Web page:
High-quality, fertile topsoil is rich in soil organic matter. Soil organic matter (SOM) is formed by the biological, physical and chemical decay of organic materials on the surface and below the soil. This comprises of plant and animal remains at various stages of degradation, the cells and tissues of soil organisms, and the substances produced by soil organisms. Soil organic matter is a vital part of our soils, helps soils hold onto water and nutrients, and supports and provides food for soil microbes that recycle nutrients. Carbon in soil organic matter in the USA is vital for plant health.
How do we increase soil carbon levels?
The easiest way to increase the soil carbon levels is to incorporate excellent organic matter into soil layers, by methods like maximizing ground cover and mulching. We can also add carbon-rich inputs to increase the amount of SOM comprised by composts, humates and other products like vermicast. These products can energize the soil biology and feed the soil rather than just providing the plant. This is an essential strategy, but we must also enhance the microbes that play a crucial role in soil development and humus formation. Specifically, fostering a diverse soil flora can accelerate soil regeneration and build SOM levels. While plants are the carbon source for soil, microbes control their fate by using them as food, thus ensuring that at least some will remain in the soil. To ensure we are looking after the microbes, we need to think about no-till or minimal-till systems where possible, using biologically friendly fertilizers and stimulants like EM to boost this activity.
What is soil carbon saturation, and what does it depend on?
The soil carbon saturation level is the maximum amount of carbon a soil layer can attain. The level of carbon in the soil layer can only increase if the mechanisms through which the soil organic carbon is stabilized are limited. The soil organic carbon content is mainly dependent on the soil mineralogy (content of sand, silt, and clay), the input of organic carbon (e.g. from vegetation and fertilizers) and the soil environment (e.g. oxygenation, water content).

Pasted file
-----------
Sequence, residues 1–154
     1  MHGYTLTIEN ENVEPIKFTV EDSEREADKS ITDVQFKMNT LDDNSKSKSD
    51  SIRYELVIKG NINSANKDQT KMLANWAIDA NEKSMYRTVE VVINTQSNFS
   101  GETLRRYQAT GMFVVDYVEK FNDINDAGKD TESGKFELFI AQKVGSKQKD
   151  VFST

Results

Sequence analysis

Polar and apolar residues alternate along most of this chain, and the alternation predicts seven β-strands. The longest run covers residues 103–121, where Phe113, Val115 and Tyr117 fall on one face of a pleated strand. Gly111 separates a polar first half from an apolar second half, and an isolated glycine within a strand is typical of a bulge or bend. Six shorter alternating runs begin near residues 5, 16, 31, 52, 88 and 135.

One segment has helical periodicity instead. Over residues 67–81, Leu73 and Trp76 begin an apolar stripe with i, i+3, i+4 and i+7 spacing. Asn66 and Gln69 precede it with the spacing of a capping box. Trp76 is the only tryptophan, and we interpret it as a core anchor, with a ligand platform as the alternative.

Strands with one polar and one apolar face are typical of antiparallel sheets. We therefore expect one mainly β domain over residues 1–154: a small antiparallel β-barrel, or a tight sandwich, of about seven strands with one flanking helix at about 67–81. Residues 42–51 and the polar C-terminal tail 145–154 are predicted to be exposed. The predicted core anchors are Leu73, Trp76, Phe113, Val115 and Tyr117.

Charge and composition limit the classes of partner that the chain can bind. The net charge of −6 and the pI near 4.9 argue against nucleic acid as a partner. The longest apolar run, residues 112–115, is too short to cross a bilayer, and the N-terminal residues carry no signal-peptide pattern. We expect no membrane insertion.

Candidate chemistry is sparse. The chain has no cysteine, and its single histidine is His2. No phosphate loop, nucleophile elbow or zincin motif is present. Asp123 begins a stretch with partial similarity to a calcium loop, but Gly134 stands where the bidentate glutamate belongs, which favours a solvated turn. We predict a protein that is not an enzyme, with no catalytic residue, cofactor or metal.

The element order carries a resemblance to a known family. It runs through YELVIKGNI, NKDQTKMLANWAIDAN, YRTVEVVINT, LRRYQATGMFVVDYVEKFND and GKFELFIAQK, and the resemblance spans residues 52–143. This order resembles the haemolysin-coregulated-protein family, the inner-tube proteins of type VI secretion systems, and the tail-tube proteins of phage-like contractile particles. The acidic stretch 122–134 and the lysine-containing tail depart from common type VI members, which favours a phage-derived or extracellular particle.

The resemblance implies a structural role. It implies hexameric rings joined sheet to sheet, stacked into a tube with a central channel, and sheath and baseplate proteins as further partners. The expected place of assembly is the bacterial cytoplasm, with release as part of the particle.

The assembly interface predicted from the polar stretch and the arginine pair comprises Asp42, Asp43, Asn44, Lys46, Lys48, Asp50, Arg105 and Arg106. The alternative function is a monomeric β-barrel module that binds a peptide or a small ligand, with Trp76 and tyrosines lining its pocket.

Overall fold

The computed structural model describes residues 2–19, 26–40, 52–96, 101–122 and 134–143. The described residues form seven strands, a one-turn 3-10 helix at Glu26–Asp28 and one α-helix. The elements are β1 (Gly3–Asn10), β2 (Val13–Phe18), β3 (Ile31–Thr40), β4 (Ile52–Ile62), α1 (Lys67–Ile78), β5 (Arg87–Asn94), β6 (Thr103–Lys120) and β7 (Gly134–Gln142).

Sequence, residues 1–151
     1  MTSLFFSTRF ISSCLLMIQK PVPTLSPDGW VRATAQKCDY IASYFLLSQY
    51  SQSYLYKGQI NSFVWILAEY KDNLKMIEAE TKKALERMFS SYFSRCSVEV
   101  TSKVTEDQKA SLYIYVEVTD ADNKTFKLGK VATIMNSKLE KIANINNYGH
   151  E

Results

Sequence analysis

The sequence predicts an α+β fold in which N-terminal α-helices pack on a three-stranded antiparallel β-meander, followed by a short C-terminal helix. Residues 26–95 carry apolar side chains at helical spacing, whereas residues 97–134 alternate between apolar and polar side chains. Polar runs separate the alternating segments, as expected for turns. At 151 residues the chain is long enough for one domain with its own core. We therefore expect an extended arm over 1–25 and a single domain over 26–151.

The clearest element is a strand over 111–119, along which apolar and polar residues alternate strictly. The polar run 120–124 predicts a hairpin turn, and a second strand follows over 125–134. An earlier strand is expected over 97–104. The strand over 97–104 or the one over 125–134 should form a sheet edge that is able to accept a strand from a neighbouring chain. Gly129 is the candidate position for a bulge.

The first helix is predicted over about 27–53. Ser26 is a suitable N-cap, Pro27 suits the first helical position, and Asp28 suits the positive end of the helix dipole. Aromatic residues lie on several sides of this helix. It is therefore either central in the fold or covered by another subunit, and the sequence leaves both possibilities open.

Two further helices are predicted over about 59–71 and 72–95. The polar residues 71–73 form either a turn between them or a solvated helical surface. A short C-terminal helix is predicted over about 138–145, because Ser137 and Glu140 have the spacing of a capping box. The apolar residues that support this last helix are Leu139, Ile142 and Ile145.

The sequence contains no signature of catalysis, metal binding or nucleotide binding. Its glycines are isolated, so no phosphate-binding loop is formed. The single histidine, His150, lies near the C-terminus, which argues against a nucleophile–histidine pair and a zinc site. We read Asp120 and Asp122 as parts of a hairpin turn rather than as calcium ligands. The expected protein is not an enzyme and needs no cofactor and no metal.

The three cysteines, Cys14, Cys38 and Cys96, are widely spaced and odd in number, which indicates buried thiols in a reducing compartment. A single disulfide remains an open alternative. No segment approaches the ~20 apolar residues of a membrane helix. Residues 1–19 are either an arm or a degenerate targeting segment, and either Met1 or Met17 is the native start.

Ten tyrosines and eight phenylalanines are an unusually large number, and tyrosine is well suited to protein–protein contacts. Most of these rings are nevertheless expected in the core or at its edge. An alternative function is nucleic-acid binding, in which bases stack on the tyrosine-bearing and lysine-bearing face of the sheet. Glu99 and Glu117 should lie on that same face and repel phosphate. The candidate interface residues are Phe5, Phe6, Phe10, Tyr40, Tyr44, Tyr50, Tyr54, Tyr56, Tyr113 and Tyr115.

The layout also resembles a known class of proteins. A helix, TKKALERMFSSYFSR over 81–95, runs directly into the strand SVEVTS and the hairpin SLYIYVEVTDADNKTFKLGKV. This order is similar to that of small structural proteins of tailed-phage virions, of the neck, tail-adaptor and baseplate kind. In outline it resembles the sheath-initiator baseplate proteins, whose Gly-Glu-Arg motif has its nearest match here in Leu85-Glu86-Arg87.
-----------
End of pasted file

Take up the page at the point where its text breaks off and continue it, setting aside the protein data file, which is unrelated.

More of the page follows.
How can you increase soil organic carbon?
The benefits of soil organic carbon content are numerous. However, the question remains of how the farmers can increase the amount of carbon in their soil. One of the first things to consider is the carbon cycle at a fundamental level. It’s essential to note that carbon is always coming in and out of the soil. The quantity of soil organic carbon is the net balance of how much organic carbon content is put into the soil, mostly from plants, like dead leaves, roots, and compounds released by living roots, and how much of it is removed by harvest or are returned to the atmosphere in the form carbon dioxide by the microbial processes. Therefore, the goal is to add more quantities of carbon to the soil than you lose to the air or remove through harvest.
Soil Organic Carbon management and modern technologies:
Modern technology, specifically AI-powered satellite data analytics, is pivotal in overcoming the challenges of evaluating soil carbon sequestration. Satellite images provide very high-resolution data on SOC levels across large geographical areas. AI models also analyze historical and current data to predict the changes in SOC levels based on various factors like land use, climate, and management practices. Then, the valuable insights AI-powered satellite analytics provide can guide farmers toward more sustainable and highly carbon-efficient practices.
On a larger scale, reliable data on the health of soil and carbon sequestration can inform policy decisions promoting the sequestration practices that mitigate climate change. Advances in technology have also led to the introduction of the carbon market as a way to stimulate SOC sequestration.
Soil is the most essential terrestrial carbon sink. A carbon sink is a component of the natural environment that stores the carbon and keeps it out of the atmosphere. About 2500 gigatons of carbon are held in soil globally, dwarfing the carbon currently in the atmosphere or residing in terrestrial organisms. Understanding carbon in soil organic matter in the USA, which represents the organically derived portion of carbon in the soil, is critical to understanding the carbon cycle.
Carbon continuously cycles between the soil layer, living things and the atmosphere. This cycle is heavily influenced by soil moisture, temperature and microbial activity.
As temperatures become warm and precipitation patterns change, it will impact the carbon storage potential of the soil.
Therefore, you must keep regularly analyzing the carbon content in your farm or agricultural land’s soil layer. For the most reliable outcomes, trust our experts at SoilOptix®. Get in touch today!